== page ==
44. Young AJ, Carlson AA, Monfort SL, Russell AF, Bennett NC, Clutton-Brock T. Stress and the suppression of subordinate reproduction in cooperatively breeding meerkats. Proc Natl Acad Sci. 2006;103:12005–10.

    Article  CAS  PubMed  PubMed Central  Google Scholar 

  45. Beehner JC, Lu A. Reproductive suppression in female primates: a review. Evol Anthropol. 2013;22:226–38.

    Article  PubMed  Google Scholar 

  46. Richardson DS, Burke T, Komdeur J. Grandparent helpers: the adaptive significance of older, postdominant helpers in the Seychelles warbler. Evolution. 2007;61:2790–800.

    Article  PubMed  Google Scholar 

  47. Hogendoorn K, Leys R. The superseded female’s dilemma: ultimate and proximate factors that influence guarding behaviour of the carpenter bee Xylocopa pubescens. Behav Ecol. 1993;33:371–81.

    Google Scholar 

  48. Uematsu K, Kutsukake M, Fukatsu T, Shimada M, Shibao H. Altruistic colony defense by menopausal female insects. Curr Biol. 2010;20:1182–6.

    Article  CAS  PubMed  Google Scholar 

  49. Uematsu K, Shimada M, Shibao H. Juveniles and the elderly defend, the middle-aged escape: division of labour in a social aphid. Biol Lett. 2013;9:2–5.

    Article  Google Scholar 

  50. Chapman SN, Mumby HS, Crawley JAH, Mar KU, Htut W, Thura Soe A, et al. How big is it really? Assessing the efficacy of indirect estimates of body size in Asian elephants. PLoS One. 2016;11:e0150533.

    Article  PubMed  PubMed Central  CAS  Google Scholar 

Download references


We thank the Ministry of Natural Resources and Environmental Conservation and the Government of the Union of Myanmar for giving permission to work with Myanma Timber Enterprise. We thank Myanma Timber Enterprise for granting access to their records and elephants, and Thuzar Thwin, Mumu Thein, Khin Than Win, Khyne Mar, and numerous MTE officers for data collection and compilation.


This study was funded by the Academy of Finland (grant 26080465; VL, SNC, ML), the Natural Environment Research Council (JJ), the European Research Council (VL), and the Kone Foundation (ML). The funding bodies had no role in the study design, data collection, analysis, interpretation, or writing of the manuscript.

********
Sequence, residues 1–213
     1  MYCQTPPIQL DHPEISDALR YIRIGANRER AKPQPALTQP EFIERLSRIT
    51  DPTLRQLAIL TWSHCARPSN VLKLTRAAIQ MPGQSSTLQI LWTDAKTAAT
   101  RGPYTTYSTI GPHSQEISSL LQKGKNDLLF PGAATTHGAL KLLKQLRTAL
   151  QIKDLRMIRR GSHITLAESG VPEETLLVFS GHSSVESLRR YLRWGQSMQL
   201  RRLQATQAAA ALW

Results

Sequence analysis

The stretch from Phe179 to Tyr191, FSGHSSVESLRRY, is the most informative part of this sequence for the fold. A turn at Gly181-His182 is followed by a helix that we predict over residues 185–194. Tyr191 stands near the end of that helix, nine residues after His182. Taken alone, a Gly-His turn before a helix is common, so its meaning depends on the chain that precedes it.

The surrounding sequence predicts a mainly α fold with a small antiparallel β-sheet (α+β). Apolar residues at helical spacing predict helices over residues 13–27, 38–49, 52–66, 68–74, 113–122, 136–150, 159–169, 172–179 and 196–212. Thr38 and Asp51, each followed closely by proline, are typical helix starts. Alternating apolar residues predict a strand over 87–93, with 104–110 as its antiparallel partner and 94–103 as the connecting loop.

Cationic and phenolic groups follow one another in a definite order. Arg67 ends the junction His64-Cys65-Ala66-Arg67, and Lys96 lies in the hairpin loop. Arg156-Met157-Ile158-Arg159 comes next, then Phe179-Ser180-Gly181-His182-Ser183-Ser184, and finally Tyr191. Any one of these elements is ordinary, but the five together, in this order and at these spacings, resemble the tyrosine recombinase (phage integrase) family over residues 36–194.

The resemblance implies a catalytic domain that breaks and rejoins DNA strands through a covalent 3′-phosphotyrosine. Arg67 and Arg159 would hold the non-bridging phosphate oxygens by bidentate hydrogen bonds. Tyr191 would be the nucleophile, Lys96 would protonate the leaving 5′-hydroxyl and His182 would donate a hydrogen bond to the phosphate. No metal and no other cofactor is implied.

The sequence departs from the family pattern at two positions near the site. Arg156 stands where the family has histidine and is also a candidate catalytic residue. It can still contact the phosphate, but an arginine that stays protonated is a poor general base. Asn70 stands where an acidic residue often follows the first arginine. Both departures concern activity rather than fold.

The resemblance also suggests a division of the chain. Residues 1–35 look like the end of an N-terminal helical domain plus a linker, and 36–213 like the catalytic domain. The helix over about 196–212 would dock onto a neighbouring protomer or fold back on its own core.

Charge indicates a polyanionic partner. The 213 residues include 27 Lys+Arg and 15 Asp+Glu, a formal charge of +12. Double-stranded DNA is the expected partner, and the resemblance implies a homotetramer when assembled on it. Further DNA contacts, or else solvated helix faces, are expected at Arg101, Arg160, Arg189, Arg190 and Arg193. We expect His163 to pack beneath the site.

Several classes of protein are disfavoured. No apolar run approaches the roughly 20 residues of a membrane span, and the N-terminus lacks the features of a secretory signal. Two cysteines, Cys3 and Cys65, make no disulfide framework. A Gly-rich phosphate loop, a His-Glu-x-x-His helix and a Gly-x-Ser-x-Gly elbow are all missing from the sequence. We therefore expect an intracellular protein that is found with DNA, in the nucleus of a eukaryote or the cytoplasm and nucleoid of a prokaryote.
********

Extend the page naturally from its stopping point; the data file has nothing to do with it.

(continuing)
Author information

Authors and Affiliations



SNC and ML conceived the project, with contribution from VL and JJ. VL, JJ, WH, and ML were involved with acquisition of data. SNC conducted statistical analysis, and all authors were involved in interpretation. SNC and JJ wrote the first draft. All authors provided significant input on subsequent drafts. All authors read and approved the final manuscript.

Corresponding author

Correspondence to Simon N. Chapman.

Ethics declarations

Ethics approval and consent to participate

Not applicable.

Consent for publication

Not applicable.

Competing interests

The authors declare that they have no competing interests.

Additional information

Publisher’s Note

Springer Nature remains neutral with regard to jurisdictional claims in published maps and institutional affiliations.

Supplementary information

Additional file 1.

Dataset containing the lx and mx series of the population.

Additional file 2.

Dataset containing the changing lx and mx series of the population (1960-2018).

Rights and permissions

Open Access This article is distributed under the terms of the Creative Commons Attribution 4.0 International License (, which permits unrestricted use, distribution, and reproduction in any medium, provided you give appropriate credit to the original author(s) and the source, provide a link to the Creative Commons license, and indicate if changes were made. The Creative Commons Public Domain Dedication waiver ( applies to the data made available in this article, unless otherwise stated.

Reprints and permissions

About this article

Check for updates. Verify currency and authenticity via CrossMark

Cite this article

Chapman, S.N., Jackson, J., Htut, W. et al. Asian elephants exhibit post-reproductive lifespans. BMC Evol Biol 19, 193 (2019).

Download citation

  • Received:

  • Accepted:

  • Published:

  • DOI: